Here are the materials in Barbre v. Whitten (E.D. Okla.):
Download the documents and materials in the matter of The Cherokee Nation v. Jewell et al, 14-cv-00428 (E.D. Okla. May 31, 2017):
- Doc. 67 – Plaintiff’s Merits Brief
- Doc. 77 – Intervenor-Defendants’ Response Merits Brief
- Doc. 78 – Cherokee Nation Reply Brief
- Doc. 79-1 – Federal Defendants’ Response Merits Brief
- Doc. 80 – Order
The Court ruled a 2011 BIA decision approving an amended land into trust application of the United Keetoowah Band of Cherokee was arbitrary and capricious. On remand, the BIA must obtain Cherokee Nation’s consent to the application per its treaty rights over former reservation land, give full consideration to the jurisdictional conflicts between Cherokee Nation and UKB, the resulting administrative burdens on the BIA, and the effects of Carcieri.
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Here are the materials in Cherokee Nation v. Johnson & Johnson (E.D. Okla.):
Here are the materials in Life Insurance Company of North America v. Hudson Insurance Company (E.D. Okla.):
LINA argues that tribal exhaustion does not apply to an ERISA case. The exhaustion of tribal remedies requirement was modified in El Paso Natural Gas Company v. Neztsosie, 526 U.S. 473 (1999). In that case, the Supreme Court held that the tribal exhaustion requirement did not apply to a case involving the Price-Anderson Act, a statute with a broad preemptive scheme. LINA argues that the Northern District of Oklahoma has since held that like the Price-Anderson Act at issue in Neztsosie, ERISA preempts state and tribal court claims “related to benefit plans falling under its purview” and concluded that abstention would be inappropriate. Vandever v. Osage Nation Enterprise, Inc., No. 06-CV-380-GKF-TLW, 2009 WL 702776, at *5 (March 16, 2009 N.D. Okla.) (citing 29 U.S.C. § 1144). See also Coppe v. Sac & Fox Casino Healthcare Plan, No. 14-2598-RDR, 2015 WL 1137733 (March 13, 2015 D. Kansas). This court agrees.
Hudson argues, however, that Vandever is not controlling in this case because suits between insurers for reimbursement of benefits paid are not pre-empted by ERISA. Hudson is correct. Complete preemption under ERISA “is limited to claims brought under § 502(a), and that provision, in turn, is limited by its terms to claims ‘by a participant or beneficiary’ of an ERISA-regulated plan ‘to recover benefits due to him under the terms of his plan, to enforce his rights under the terms of the plan or to clarify his rights to future benefits under the terms of the plan.’” Hansen v. Harper Excavating, Inc., 641 F.3d 1216, 1221-22 (10th Cir. 2011) (citing 29 U.S.C. § 1132 (a)(1)(B)).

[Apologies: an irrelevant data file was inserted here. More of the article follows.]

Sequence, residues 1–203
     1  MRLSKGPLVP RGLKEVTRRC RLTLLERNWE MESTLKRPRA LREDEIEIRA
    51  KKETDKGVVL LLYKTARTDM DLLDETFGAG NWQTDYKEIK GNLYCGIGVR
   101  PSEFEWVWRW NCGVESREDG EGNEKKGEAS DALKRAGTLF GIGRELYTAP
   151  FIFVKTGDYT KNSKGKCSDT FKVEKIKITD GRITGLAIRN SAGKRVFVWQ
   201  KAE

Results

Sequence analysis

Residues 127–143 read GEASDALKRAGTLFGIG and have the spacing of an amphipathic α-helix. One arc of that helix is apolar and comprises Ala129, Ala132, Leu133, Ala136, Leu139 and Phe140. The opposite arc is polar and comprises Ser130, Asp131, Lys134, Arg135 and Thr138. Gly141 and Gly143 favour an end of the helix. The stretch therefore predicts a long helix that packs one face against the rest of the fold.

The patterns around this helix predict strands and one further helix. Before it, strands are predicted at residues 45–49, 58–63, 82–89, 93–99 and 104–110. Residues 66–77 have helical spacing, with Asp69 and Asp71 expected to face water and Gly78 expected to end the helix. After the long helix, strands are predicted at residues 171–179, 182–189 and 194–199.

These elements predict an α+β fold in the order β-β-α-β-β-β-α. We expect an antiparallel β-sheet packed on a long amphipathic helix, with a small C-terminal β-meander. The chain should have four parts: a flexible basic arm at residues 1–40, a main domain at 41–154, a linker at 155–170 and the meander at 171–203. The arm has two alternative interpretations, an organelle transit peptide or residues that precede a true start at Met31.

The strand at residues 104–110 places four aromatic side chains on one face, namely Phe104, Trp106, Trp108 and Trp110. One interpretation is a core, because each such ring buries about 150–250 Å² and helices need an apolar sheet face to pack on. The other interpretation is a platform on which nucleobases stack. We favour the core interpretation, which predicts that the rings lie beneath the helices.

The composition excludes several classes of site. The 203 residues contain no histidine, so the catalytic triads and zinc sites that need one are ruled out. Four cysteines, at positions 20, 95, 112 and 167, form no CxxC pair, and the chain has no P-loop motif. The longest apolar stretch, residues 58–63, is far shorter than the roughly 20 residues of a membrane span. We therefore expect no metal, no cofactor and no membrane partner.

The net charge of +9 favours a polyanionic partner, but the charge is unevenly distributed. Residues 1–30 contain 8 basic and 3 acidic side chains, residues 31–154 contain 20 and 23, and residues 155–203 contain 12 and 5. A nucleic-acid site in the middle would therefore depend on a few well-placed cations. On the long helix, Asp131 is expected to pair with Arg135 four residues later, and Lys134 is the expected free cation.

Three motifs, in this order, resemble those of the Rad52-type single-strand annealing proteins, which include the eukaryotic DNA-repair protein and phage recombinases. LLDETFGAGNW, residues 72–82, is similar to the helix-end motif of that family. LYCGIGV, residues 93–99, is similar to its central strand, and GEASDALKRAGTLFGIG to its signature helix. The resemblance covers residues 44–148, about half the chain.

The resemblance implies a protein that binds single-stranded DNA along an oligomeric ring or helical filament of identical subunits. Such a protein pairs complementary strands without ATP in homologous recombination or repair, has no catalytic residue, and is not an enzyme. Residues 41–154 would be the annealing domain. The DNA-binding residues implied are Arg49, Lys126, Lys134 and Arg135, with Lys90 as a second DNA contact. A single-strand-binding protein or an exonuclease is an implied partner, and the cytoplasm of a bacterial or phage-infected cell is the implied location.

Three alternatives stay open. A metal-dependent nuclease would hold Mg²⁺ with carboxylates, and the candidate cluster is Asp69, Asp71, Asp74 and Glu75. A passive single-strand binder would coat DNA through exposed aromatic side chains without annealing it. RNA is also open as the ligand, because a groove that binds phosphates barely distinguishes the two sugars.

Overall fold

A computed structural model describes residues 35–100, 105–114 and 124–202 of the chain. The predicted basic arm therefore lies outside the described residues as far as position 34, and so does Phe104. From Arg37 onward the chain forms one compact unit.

Here are the materials in Choctaw Nation of Oklahoma v. Occidental Fire & Insurance Co. (E.D. Okla.):
Occidental characterizes the issue in this case as whether it may assert or waive the Nation’s sovereign immunity in connection with insurance coverage on a claim made on the policy. It has not been suggested that Congress provided authority for an insurer such as Occidental to abrogate, waive, or otherwise assert the sovereign immunity of an Indian nation through appropriate legislation. Consequently, the source of the waiver must be the Nation itself. The sole unequivocal statement of the relationship between the Nation and the insurers is the policy itself. Indeed, Occidental recognizes this fact by relying upon certain provisions within the policy to argue the Nation has specifically granted it a waiver or control over the assertion of sovereign immunity. The interpretation of the terms of the policy as a contract is governed exclusively by state law.
Here are the materials in Fife v. Moore (E.D. Okla.):
The court concluded that the Muscogee District Court had no jurisdiction to prosecute tribal members for theft against the tribal government because the crime did not occur in Indian country (which until recently would have been considered preposterous).
This case implicates two important issues (one at Muscogee and one involving many Oklahoma tribes). The first is the continuing dispute over the tribal district court at Muscogee (see our posts here and here). The other involves Indian Country in Oklahoma, the subject of a cert petition involving the Supreme Court (most recent post here).